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I downloaded the manual and service notes back in February... it included a lot of '08 updates, including '08 schematics, launch control, new instrument panel, etc.

I wonder if there's still some way to make use of the temperature sensor part of the TMAP sensor on the intercooler. I noticed on Ocelot27's picture that it's actually tapped into the IC/intake manifold tube, where on my '07 its tapped into the intercooler itself... I'm assuming on your '08 it's tapped into the tube as well?

EDIT: I just realized that Ocelot27 has the RLS intercooler and tubes... so that's probably why his TMAP sensor is in a different location than stock
OK... are you sure of the wires on my pic and are you sure they aren't using this sensor for IAT - it makes absolutely no sense to measure IAT pre-compression?????? Charlie or Thomas HELP US!!!

I just want to know what wire to use to control the fans for my IC - there's conflicting info here and before I go cutting wires I'd like to know for sure what's what.

Also, you're right the RLS setup relocates the IAT sensor to the post-IC tube for those doing water/meth.

-john.
 

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From the '08 MY schematic:

You're looking at the TMAP Sensor...
Yellow (Y) is ground
Brown/Green (NG) is the temp signal
Slate (S) is MAP +5V
Orange/Green (OG) is MAP signal



If I'm reading the schematic correctly, IAT is taken from the TMAF sensor, which would put it pre-SC. The temperature signal from the TMAP sensor (post-IC) is not used...
Could they mean that the temp from the MAF isn't used in SC cars - this makes a lot more sense??? Plus why would they wire up the whole TMAP shebang and not use it???

-john.
 

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Well, I'm as sure as I can be in the accuracy of the schematics in the Lotus service manual.

You saw this excerpt from the schematic, right?



The wire color codes match up... and as far as I can tell the note about not using the TMAP temperature sensor is accurate...



I suppose they're using the pressure sensor part of the TMAP, just not the temperature sensor... without a schematic of the ECU itself (and it's software), I couldn't say what parts of the sensor are being used.
Yes, of course I saw the schematic - the temps from both sensors are plugged into the ECU according to the schematic - correct? Even if the IAT is from the MAF I should still be able to use the correct lead (i.e. the "NG" colored one) from the TMAP to control the IC fans as several have done previously in this thread...
-john.
 

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Sorry, I wasn't sure if you'd seen the earlier post. If the temperature sensor of the TMAP is not used at all, then I suppose you could tap into it without causing any other issues...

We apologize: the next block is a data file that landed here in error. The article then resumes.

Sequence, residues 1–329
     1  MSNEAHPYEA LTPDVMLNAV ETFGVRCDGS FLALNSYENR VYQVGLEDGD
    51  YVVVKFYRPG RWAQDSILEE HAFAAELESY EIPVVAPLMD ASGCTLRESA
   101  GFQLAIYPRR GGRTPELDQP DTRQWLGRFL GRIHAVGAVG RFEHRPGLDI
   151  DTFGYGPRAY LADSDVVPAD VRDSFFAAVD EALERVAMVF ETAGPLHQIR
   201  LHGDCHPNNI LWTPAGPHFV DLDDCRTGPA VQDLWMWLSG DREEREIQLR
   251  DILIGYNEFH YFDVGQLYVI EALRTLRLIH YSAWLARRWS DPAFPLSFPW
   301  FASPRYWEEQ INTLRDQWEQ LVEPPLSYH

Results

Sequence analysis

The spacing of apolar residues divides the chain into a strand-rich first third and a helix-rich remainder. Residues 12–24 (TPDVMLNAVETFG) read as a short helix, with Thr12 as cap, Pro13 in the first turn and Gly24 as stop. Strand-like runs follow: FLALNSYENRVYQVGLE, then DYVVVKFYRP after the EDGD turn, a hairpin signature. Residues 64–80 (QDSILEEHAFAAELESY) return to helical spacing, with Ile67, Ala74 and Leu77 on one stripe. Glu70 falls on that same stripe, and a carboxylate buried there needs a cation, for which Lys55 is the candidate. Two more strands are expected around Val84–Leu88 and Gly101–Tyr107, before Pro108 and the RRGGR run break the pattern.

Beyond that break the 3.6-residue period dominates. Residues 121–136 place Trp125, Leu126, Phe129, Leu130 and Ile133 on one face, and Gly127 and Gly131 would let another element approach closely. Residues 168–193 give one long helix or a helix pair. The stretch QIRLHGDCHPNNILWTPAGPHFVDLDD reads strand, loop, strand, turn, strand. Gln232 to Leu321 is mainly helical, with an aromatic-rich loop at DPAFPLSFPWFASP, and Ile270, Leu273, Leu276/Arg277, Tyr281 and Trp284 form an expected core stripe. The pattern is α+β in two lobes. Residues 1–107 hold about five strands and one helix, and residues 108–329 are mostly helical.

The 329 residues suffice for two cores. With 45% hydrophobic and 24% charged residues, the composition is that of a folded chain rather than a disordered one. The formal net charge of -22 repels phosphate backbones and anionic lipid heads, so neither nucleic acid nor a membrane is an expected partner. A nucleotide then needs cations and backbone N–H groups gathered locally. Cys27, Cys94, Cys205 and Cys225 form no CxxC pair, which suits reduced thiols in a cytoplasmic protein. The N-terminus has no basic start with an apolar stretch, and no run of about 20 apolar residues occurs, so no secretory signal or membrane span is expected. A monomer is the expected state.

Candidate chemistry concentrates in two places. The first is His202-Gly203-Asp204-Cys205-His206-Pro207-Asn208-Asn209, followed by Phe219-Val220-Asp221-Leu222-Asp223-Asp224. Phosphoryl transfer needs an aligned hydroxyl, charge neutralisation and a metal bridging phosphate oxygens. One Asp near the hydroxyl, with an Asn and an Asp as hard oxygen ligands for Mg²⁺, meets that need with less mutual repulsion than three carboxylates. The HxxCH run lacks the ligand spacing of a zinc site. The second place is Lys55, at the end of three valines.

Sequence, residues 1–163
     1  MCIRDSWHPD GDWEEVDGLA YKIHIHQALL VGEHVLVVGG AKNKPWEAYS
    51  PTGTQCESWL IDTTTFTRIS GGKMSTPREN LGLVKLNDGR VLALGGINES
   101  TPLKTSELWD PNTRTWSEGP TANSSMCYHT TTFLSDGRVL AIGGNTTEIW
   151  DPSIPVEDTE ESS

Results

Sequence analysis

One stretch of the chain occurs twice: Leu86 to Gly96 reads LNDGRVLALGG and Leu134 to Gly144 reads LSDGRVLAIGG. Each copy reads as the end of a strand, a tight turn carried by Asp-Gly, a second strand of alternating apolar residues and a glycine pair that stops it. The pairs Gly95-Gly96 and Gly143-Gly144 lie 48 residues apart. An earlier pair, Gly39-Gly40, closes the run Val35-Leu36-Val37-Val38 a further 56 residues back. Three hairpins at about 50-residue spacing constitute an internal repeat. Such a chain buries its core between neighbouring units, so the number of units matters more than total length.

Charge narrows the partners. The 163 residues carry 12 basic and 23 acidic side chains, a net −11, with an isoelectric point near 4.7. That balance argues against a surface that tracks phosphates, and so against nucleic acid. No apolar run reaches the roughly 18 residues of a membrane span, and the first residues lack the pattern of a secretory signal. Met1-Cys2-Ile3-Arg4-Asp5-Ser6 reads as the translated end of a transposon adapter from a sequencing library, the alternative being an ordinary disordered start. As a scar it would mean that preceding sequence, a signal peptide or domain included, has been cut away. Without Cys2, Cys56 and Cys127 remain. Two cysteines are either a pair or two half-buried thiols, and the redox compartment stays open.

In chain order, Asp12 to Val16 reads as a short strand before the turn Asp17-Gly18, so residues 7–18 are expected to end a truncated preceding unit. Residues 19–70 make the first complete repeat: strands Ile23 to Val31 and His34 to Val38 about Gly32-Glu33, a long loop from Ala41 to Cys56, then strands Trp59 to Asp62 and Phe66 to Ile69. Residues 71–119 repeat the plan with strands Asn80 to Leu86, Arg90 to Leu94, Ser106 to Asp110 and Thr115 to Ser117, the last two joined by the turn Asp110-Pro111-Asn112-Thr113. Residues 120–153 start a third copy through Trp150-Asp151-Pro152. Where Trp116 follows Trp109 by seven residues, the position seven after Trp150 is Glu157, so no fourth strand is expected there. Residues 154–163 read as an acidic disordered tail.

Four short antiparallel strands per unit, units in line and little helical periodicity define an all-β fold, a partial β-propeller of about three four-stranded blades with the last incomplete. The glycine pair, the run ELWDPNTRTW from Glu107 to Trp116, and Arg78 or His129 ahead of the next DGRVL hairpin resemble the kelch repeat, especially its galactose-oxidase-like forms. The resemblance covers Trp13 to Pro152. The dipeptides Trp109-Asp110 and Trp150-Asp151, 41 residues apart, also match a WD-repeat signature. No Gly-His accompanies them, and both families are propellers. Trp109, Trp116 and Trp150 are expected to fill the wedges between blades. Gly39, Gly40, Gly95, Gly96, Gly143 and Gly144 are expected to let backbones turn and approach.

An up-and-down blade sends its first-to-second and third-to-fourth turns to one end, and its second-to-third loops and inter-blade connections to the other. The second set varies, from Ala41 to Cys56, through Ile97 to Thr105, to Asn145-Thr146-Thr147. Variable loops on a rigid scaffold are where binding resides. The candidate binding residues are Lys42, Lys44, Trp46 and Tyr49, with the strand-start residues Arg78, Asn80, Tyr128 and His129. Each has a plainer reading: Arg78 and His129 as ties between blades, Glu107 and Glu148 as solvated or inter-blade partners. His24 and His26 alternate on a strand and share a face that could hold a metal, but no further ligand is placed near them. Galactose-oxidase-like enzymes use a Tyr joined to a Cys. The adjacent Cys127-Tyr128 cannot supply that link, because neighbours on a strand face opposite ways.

EDIT: If I'm reading the Bosch spec sheet properly, it's a thermistor and not a thermocouple. I think that actually makes it easier to deal with for making a fan controller than a thermocouple.
Yeah - the Spal controller is really cool - will read just about any signal - you just tell it at what voltages to turn on and off.... and it's dynamic fan control!
-john.
 

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I'm going ahead with my plan to ditch the duct on the forward side of the the IC and install the biggest fans that will fit in its place - whatever minimal air does go through the duct will still get to the IC if the fans are on. Massive airflow is the solution and sucking air through the duct with fans is not going to give massive air flow. The duct is the bottle neck - I would bet that disconnecting the duct system entirely and just using big fans will level things out nicely; I also think this will work better than an air/water IC - same soak issue with this solution only it just takes longer to saturate the systems water volume with heat - better just to blow the heat right the hell out of the engine bay with big fans.

-john.
 

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Assuming the water to air has a sufficient heat exchanger and pump, why would this happen? The engine water temps are kept at a constant level with a properly functioning system, why wouldn't the same apply to a water/ air intercooler utilizing the same principles?
Every time you transfer heat from one medium to another you loose efficiency. Going from air to aluminum to water to aluminum to air is much less efficient than going from air to aluminum to air... if the air your using for cooling is about the same temp. So, ultimately, it is the mass air flow over the heat exchanger and the temperature difference that determines how much heat can be removed - regardless of which method you use.